The CHAIRMAN. Well, the counsel may either file them as exhibits with the names deleted or withdraw them.
Mr. TOLAND. I have no wish to withdraw them. I want to offer them for the purpose of showing activity on the part of the Board, while they were duly appointed and designated as employees of the Board, to enforce the National Labor Relations Act, and that they were using Board stationery and Board time for another purpose.
The CHAIRMAN. All right. Let's get along with this.
Mr. Fahy. Could I ask, is the one you referred to, Mr. Toland, Mr. Patterson?
Mr. TOLAND. That is going in because that was taken from the Board.
Mr. HALLECK. And do I understand from that that you engage as a lawyer in the work that has to do with labor relations?
Mr. Wolf. No; I am doing only labor relations work, not legal work. That consists chiefly of arbitration and mediation work.
Mr. HALLECK: Arbitration and mediation?
Mr. HALLECK. Do you, in the course of your work or profession, as you are now following it, have occasion to consult with the Board or have to do with any matters before the Board ?
Mr. WOLF. I have appeared in no matters before the Board since I have left the Board.
Mr. HALLECK. You have had no connection with any case that has been before the Board ?
Mr. WOLF. That is correct. There was one case in which I attempted a settlement which was before the Board. When the settlement was unsuccessful, I withdrew from the case the settlement directly between the parties.
Mr. HALLECK. Was the case then pending before the Board ?
Mr. WOLF. That is right. I did not appear before the Board on that case either.
Mr. HALLECK. So that your work hasn't involved appearances before the Board ?
Mr. WOLF. No. I have refused to take cases which would involve appearances before the Board.
Mr. HALLECK. It has to do rather with conciliation or mediation between employees and employers ?
Mr. WOLF. Chiefly, or arbitration on the contracts between employers and employees.
Mr. HALLECK. I think that is all.
(List of letters from employers or employers' representatives commending the work of the National Labor Relations Board or its agents was received in evidence marked “N. L. R. B. Exhibit No. 42-A” and is printed in the appendix of this volume.)
The CHAIRMAN. You say you have submitted subpenas for Friday? Mr. TOLAND. Friday morning.
The CHAIRMAN. The committee will recess until Friday morning at 10 o'clock.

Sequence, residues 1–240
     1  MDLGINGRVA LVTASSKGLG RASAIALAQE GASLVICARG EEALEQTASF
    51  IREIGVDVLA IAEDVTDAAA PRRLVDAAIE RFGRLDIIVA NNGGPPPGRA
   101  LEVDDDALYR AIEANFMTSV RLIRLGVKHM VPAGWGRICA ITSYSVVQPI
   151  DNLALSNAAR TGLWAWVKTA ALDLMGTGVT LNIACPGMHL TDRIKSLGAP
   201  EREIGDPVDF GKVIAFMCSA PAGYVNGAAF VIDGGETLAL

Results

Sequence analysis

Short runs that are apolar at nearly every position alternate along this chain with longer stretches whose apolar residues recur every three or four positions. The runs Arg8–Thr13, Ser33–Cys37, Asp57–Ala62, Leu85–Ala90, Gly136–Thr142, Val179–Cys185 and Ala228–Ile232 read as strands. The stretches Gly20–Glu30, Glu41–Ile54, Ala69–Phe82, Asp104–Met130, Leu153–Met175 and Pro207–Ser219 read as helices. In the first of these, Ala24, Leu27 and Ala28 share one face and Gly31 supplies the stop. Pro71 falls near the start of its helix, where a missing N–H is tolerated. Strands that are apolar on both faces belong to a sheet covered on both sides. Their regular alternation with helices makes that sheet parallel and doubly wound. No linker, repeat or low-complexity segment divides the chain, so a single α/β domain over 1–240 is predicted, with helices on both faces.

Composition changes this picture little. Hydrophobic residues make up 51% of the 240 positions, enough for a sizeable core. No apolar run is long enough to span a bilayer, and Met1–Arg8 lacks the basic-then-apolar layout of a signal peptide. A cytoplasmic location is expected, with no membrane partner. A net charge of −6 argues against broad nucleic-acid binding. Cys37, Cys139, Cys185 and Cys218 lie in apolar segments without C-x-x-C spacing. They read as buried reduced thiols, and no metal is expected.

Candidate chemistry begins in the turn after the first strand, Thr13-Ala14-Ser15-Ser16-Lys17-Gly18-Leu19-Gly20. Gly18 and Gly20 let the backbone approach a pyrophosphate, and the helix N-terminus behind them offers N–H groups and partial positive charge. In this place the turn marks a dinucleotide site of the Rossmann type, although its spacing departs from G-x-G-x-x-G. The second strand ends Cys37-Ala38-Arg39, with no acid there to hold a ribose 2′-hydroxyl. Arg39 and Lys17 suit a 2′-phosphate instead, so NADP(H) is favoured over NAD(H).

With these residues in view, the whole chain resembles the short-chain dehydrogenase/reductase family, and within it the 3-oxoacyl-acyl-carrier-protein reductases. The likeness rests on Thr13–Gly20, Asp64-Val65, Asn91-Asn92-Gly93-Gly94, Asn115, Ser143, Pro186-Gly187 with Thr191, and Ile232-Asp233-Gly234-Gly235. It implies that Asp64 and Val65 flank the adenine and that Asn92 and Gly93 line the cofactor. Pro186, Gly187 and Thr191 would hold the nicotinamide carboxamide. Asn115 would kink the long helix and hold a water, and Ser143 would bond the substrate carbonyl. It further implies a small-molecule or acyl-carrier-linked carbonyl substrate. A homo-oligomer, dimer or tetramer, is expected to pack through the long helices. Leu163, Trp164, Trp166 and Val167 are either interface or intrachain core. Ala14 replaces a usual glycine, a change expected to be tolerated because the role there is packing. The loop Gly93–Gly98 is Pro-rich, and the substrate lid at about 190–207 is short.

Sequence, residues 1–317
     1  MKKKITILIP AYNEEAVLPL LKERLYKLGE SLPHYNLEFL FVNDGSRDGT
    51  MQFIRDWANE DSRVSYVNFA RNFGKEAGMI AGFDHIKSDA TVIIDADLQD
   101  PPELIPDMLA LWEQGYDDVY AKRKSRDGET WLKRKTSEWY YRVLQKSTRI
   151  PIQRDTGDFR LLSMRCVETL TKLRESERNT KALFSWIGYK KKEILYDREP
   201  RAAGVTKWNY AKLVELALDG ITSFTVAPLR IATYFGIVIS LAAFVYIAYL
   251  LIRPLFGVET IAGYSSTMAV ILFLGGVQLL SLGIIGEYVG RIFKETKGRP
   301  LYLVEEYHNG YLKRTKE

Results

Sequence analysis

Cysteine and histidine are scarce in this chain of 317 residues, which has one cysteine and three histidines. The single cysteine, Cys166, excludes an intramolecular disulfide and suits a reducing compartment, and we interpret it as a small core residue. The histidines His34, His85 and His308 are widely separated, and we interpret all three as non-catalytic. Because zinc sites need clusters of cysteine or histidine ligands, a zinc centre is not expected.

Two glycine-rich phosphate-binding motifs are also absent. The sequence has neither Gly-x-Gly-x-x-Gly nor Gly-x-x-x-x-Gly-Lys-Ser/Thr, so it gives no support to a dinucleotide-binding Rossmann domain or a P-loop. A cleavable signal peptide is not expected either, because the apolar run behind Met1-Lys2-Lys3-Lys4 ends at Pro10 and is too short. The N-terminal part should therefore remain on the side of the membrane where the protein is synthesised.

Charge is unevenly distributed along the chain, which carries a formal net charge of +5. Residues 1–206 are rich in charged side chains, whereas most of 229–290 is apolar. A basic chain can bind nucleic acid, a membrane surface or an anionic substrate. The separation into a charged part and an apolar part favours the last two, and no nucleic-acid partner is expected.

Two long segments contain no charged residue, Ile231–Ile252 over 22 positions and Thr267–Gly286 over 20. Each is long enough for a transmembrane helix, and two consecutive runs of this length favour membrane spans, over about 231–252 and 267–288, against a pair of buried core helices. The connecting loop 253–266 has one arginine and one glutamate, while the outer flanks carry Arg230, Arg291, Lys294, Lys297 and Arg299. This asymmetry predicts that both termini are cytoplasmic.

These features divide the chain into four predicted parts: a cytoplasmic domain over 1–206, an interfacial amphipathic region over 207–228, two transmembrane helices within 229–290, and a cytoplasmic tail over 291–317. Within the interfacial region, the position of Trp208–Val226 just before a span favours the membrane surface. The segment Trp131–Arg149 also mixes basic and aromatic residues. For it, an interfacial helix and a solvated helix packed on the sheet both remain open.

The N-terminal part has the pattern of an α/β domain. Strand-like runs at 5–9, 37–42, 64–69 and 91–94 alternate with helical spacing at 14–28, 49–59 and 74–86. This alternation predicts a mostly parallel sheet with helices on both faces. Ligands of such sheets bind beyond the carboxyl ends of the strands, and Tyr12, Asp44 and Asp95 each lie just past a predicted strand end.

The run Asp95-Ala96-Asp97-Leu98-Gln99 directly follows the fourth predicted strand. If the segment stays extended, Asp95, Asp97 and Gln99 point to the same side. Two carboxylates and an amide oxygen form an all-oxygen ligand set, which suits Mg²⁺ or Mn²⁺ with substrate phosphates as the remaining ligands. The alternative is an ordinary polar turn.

(Whereupon, at 12:20 p. m., an adjournment was taken until Friday, February 23, 1940, at 10 a. m.)
NATIONAL LABOR RELATIONS ACT
FRIDAY, FEBRUARY 23, 1940
HOUSE OF REPRESENTATIVES,
Washington, D.C. The committee met at 10:05 a. m., pursuant to adjournment on Wednesday, February 21, 1940, in room 362 of the Old House Office Building, Representative Arthur D. Healey, presiding.
Present: Representative Arthur D. Healey of Massachusetts.
Charles Fahy, general counsel to the National Labor Relations Board.
Acting Chairman HEALEY. All right, Mr. Toland.
Mr. TOLAND. Mr. Chairman, before I call a witness I would like to offer in evidence and make a part of the record the report of the New York State Joint Legislative Committee on Industrial and Labor Relations. This is a report just recently filed. It was a legislative study of the Labor Relations Act of the State of New York, and contains a very comprehensive study of the Trade Disputes Act of Great Britain as well as the New York statute, and it makes its recommendations to the legislature concerning certain amendments. This report may be helpful to the committee, and I offer it, not to be printed, merely as an exhibit.
(Copy of report of the New York State Joint Legislative Committee on Industrial and Labor Relations was received in evidence and marked “Exhibit No. 1079" and is on file with the committee.)
Acting Chairman HEALEY. Do you have more than one copy of that, Mr. Toland?
Mr. ToLand. Yes, sir; I will be glad to furnish you with copies. It is a very excellent report, Mr. Chairman.
Mr. Chairman, on the 19th of December, Congressman Murdock questioned Mr. Witt, secretary of the Board, as to whether he knew of any other agencies of the Government (reading): that confer with people who might be probable litigants before the Board and help in working out the strategy, if we want to call it that, and even go so far as to prepare the formal complaint for submission to the probable litigant.
Thereafter Mr. Murdock inserted an excerpt from a document entitled, "Interstate Commerce Commission Activities, 1887-1937," describing a practice of the Interstate Commerce Commission: to assist complainants in the institution of formal proceedings by preparing drafts of petitions setting out the complained facts and allegations.